protected Notification() : this(string.Empty, string.Empty)
     {
     }

     protected Notification(string message) : this(string.Empty, message)
     {
            _message = message;
     }

     protected Notification(string source, string message)
     {
            Require.ArgumentNotNull(source, "source");
            Require.ArgumentNotNull(message, "message");

            _message = message;
            Source = source;
     }

     public string Source { get; protected set; }

     public override string ToString()
     {
            return _message;
     }

     public static implicit operator string(Notification notification)
     {
            return notification.ToString();
     }
}

Error is a simple class derived from Notification, which contains no additional code.

Representing an error as a class
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public class Error : Notification
{
     public Error(string source, string message) : base(source, message) { }

     public Error(string message) : base(message) { }
}

I’ve seen some people implementing the Notification pattern with a single Notification class and an enumeration specifying the type of the Notification (Error, Warning, Info, etc.) but I prever using classes for this. I think readability is way better (and shorter) using classes. Decide for yourself:

Class based vs enumeration based implementation
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bool isError = notification is Error;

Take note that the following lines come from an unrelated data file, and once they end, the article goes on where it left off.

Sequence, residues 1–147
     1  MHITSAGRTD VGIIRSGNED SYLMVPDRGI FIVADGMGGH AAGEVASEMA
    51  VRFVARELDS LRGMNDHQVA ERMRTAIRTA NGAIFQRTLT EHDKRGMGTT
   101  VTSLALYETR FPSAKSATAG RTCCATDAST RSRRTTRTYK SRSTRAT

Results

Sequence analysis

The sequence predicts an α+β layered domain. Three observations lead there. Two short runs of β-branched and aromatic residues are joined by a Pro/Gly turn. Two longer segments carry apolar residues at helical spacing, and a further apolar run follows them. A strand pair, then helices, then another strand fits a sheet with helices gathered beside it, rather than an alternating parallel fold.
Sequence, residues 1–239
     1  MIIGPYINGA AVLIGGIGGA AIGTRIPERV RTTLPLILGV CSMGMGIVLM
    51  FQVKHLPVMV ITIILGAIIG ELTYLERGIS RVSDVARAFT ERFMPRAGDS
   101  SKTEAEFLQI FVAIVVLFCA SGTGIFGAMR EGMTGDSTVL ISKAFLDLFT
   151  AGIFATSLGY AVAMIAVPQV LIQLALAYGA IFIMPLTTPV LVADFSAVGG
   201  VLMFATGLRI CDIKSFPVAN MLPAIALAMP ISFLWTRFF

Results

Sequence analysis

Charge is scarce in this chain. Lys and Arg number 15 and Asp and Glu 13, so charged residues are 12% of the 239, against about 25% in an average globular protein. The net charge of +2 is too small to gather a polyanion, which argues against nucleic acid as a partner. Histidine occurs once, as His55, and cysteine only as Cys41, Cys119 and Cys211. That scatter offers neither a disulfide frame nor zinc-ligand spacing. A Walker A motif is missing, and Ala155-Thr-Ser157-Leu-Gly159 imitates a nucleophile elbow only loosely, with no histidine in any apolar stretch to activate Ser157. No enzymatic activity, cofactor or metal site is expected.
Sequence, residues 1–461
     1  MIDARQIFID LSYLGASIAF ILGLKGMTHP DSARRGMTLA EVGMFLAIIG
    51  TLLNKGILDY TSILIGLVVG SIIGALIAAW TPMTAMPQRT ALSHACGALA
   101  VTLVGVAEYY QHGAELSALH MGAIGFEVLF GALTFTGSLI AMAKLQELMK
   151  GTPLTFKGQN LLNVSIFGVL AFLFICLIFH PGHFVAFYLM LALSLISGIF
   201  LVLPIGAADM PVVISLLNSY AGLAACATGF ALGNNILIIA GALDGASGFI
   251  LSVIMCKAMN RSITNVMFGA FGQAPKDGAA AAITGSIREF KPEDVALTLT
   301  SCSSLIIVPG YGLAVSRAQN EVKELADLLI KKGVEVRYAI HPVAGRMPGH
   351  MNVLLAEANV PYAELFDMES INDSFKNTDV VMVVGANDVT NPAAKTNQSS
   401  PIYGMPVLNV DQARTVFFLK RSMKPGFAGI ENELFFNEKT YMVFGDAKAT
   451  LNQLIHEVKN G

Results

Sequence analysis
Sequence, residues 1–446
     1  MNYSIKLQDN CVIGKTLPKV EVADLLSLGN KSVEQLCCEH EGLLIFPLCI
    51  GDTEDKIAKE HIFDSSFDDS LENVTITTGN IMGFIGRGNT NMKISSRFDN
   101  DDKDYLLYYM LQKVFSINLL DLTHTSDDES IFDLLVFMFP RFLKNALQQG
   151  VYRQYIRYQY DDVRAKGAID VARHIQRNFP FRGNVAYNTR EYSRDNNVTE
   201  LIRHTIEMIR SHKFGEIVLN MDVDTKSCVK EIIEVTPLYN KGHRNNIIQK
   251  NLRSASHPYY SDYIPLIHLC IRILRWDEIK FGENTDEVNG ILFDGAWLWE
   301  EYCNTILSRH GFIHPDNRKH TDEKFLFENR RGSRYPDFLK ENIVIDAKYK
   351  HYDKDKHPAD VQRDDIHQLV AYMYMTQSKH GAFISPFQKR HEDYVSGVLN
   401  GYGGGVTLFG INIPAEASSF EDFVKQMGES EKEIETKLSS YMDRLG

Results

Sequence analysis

//versus
bool isError = notification.Severity == Severity.Error;

It’s very rare that you only have to validate one element / property. Mostly we’re dealing with more than one elment beeing validated. Because of that it’s useful to have a container or collection for Notifications. This gives you a nice place for some additional functionality.

A container for Notifications
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public class NotificationCollection : ObservableCollection<Notification>
{
     public bool ContainsErrors
     {
            get { return this.Exists(notification => notification.IsOfType<Error>()); }
     }

     public bool ContainsWarnings
     {
            get { return this.Exists(notification => notification.IsOfType<Warning>()); }
     }

     public IEnumerable<Notification> AllNotificationsFor(string nameOfSource)
     {
            return this.Where(notification => string.Equals(notification.Source, nameOfSource, StringComparison.Ordinal));
     }
}